Medication-Assisted Treatment: What You Should Know

Opioid addiction significantly changes the brain. If a person has become dependent on these drugs, they may experience severe cravings and withdrawal symptoms upon sudden cessation of opioids. Those who participate in medication-assisted treatment are able to manage their symptoms while gradually recovering from opioid use disorder. Read today’s blog post for more information about MAT.


About Opioid Addiction

Many people first use opioids when they are recovering from a surgical procedure. For example, teens whose wisdom teeth are removed are typically prescribed these medications. Other common opioid drugs include hydrocodone (Vicodin), oxycodone (Percocet/OxyContin), fentanyl, morphine and codeine. However, while these medications may relieve pain, they carry a significant potential for addiction.

Individuals who discover the pain-relieving effects or euphoria associated with opioids can begin to misuse their prescriptions. Eventually, some seek a cheaper alternative in the form of heroin. The physical changes caused by these drugs result in strong cravings and compulsive, continued use – even if someone sincerely wants to stop using. That’s when medication-assisted treatment becomes an especially effective path to recovery.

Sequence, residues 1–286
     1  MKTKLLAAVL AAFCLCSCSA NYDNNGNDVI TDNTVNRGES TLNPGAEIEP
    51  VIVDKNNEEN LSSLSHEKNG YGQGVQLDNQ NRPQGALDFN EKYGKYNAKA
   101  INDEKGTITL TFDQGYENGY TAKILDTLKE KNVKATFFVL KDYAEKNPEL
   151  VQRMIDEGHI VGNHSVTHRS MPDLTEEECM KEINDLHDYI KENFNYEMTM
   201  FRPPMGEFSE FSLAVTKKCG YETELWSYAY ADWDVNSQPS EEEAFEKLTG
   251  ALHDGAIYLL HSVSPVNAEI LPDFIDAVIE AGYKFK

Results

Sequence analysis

Medication-Assisted Treatment with Naltrexone and Buprenorphine

The aim of medication-assisted treatment is to help a patient to gradually taper off of opioids while avoiding painful, uncomfortable and potentially life-threatening withdrawal symptoms. Opioid drugs themselves block pain, slow a person’s respiration, calm the user and trigger pain receptors.